India’s efforts towards normalizing India-Bhutan relations

  • India had announced that India will provide grant assistance of Rs 4500 crore for Bhutan’s 12th Five Year Plan.
  • A transitional Trade Support Facility of Rs 400 Crore over a period of five years to strengthen bilateral trade and economic linkages.


Way forward

  • If Bhutan wants better relations with China, India should not pretend to be its rival, rather let Bhutan build its own foreign policy.
  • India should remain mindful of China’s engagement with Bhutan with regard to the territorial and boundary domain.
  • However, India should make efforts towards improving its own ties with China as well as Bhutan.

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Section : International Relation


Think universal basic capital Editorial 30th Jan’19 TheHindu

India economically growing but lagging in terms of human development:

  • India’s GDP is growing quite well.
  • However, India needs to do much better to improve overall human development.
  • India's poorer sub-continental neighbours are improving health and education faster, while India continues to be compared with countries in Sub-Saharan Africa.

Benefits must reach the poorest faster:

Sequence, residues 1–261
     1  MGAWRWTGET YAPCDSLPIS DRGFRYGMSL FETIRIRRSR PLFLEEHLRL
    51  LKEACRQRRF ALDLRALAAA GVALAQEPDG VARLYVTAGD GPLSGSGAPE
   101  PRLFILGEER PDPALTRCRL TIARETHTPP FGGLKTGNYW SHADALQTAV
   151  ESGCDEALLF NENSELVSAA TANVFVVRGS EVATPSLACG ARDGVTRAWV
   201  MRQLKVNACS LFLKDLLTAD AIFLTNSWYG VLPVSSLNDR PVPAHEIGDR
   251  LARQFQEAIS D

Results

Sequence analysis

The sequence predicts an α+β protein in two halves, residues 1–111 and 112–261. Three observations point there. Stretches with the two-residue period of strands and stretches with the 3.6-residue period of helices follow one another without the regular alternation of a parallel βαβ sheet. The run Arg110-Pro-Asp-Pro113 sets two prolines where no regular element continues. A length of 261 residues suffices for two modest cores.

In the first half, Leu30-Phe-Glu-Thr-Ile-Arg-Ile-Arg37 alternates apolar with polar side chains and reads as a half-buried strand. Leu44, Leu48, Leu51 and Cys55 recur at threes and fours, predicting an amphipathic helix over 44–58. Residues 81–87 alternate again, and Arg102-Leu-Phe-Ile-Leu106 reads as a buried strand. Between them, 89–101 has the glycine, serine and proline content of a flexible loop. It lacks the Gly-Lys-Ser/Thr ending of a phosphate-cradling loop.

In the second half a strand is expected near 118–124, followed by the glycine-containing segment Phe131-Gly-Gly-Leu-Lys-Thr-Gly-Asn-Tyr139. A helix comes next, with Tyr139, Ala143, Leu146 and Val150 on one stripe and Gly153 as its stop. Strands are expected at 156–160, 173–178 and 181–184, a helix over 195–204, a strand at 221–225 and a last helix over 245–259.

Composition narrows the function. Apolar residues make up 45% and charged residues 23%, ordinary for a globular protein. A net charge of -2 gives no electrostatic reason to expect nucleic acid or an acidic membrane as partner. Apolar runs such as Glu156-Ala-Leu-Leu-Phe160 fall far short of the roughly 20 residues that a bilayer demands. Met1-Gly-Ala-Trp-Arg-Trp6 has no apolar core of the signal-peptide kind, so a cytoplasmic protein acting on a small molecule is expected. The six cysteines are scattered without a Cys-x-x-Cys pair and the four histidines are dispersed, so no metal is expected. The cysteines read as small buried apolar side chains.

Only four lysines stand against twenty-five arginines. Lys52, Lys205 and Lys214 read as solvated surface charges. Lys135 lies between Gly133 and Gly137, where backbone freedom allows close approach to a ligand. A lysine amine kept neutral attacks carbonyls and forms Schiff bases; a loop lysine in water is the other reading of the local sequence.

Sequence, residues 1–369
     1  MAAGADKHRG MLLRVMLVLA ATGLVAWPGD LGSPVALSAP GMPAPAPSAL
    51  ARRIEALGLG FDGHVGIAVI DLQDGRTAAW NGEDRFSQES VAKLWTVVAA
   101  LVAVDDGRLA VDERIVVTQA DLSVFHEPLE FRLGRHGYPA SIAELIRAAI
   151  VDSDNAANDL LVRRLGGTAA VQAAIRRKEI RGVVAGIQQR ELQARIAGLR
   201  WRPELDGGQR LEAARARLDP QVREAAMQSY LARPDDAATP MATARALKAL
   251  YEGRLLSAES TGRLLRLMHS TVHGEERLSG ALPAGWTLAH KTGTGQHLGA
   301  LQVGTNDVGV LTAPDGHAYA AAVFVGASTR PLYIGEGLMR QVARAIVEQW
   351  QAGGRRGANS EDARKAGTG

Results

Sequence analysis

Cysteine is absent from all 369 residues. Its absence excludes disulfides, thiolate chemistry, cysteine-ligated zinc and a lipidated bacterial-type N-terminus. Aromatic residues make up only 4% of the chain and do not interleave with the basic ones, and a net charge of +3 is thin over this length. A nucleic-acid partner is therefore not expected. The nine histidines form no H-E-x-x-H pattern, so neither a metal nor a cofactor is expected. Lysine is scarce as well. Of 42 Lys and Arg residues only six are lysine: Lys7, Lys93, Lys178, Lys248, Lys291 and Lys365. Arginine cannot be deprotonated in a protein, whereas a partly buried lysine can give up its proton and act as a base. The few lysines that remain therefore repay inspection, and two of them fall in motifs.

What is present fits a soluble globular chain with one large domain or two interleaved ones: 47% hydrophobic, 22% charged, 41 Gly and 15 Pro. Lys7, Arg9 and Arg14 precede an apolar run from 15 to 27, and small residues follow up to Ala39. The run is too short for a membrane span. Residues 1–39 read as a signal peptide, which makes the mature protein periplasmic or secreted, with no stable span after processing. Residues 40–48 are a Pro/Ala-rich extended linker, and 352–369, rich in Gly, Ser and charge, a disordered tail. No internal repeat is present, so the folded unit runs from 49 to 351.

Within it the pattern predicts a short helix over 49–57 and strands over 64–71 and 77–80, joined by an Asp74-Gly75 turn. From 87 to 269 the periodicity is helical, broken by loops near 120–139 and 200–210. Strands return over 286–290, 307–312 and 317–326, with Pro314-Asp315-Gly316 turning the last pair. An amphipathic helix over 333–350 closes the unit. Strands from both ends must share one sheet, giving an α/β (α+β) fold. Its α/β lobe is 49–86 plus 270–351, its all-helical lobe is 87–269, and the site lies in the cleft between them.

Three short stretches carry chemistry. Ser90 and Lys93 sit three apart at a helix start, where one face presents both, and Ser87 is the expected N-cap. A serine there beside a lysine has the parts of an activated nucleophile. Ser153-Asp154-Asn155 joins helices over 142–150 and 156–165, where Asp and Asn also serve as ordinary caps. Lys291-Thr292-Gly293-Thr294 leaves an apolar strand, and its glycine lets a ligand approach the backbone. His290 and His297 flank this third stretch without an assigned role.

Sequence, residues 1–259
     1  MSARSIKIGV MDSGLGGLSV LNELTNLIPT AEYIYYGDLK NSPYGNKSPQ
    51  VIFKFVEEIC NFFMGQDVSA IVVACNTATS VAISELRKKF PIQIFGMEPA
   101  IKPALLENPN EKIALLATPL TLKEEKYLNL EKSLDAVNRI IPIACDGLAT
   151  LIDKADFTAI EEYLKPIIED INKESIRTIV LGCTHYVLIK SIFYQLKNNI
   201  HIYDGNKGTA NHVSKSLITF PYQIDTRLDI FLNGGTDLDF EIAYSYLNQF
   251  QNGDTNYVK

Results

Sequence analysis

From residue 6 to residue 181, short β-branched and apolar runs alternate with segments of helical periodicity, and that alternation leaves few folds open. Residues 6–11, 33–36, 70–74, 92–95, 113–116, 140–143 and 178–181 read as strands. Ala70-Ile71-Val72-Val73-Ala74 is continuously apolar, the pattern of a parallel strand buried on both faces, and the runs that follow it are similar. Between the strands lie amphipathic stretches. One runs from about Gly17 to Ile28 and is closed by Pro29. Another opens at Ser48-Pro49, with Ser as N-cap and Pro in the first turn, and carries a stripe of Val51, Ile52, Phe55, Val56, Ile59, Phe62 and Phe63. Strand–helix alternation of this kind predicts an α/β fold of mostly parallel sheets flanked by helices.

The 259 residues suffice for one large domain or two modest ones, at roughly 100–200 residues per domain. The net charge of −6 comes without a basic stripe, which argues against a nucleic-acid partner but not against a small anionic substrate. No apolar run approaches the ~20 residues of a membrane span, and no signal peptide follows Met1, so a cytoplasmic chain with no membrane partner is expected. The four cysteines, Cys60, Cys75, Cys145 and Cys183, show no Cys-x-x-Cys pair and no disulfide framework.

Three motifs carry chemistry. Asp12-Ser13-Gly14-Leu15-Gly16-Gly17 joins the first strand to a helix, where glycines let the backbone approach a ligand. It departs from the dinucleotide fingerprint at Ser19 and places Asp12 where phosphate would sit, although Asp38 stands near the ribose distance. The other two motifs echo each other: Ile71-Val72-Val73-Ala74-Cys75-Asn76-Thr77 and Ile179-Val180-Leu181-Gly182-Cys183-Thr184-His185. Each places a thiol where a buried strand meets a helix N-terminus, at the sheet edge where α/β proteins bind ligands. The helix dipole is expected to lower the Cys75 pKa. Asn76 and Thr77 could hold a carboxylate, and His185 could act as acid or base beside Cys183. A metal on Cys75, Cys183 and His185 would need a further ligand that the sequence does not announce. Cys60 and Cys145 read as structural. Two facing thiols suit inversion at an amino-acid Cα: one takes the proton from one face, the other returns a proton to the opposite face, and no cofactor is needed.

• A lot more must be done to improve education and health care, and to address the persistent informality and small scale of enterprises that are providing most of the employment in the country.
  • Benefits of India’s economic growth must trickle down much faster to people at the bottom of the pyramid: to poorer farmers, landless rural labour, and hundreds of millions of workersin low-paying, ‘flexible’ forms of employment with no social security.


Solutions offered to solve economy's problems:

  • Economists offer some solutions to the economy’s structural problems. These include
  1. More privatisation:
  • Some economists suggest that, as the government is unable to provide public services efficiently, there is need for greater privatisation of .
  • However, the private sector is structurally not designed to provide affordable public services equitably.
  • Businesses must be run with a profit motive. They cannot take on the burden of subsidising citizens who cannot pay for their services.
  1. A universal basic income (UBI) to be provided by the state:
  • UBI has been proposed as a solution to the declining growth of wage incomes (lower incomes will lead to reduction of consumption and consequently demand for goods and services).
  • The proposed ‘universal’ basic income will be an income provided to everybody, and avoids messy political questions about who deserves assistance. 
  • But will UBI solve all the problems?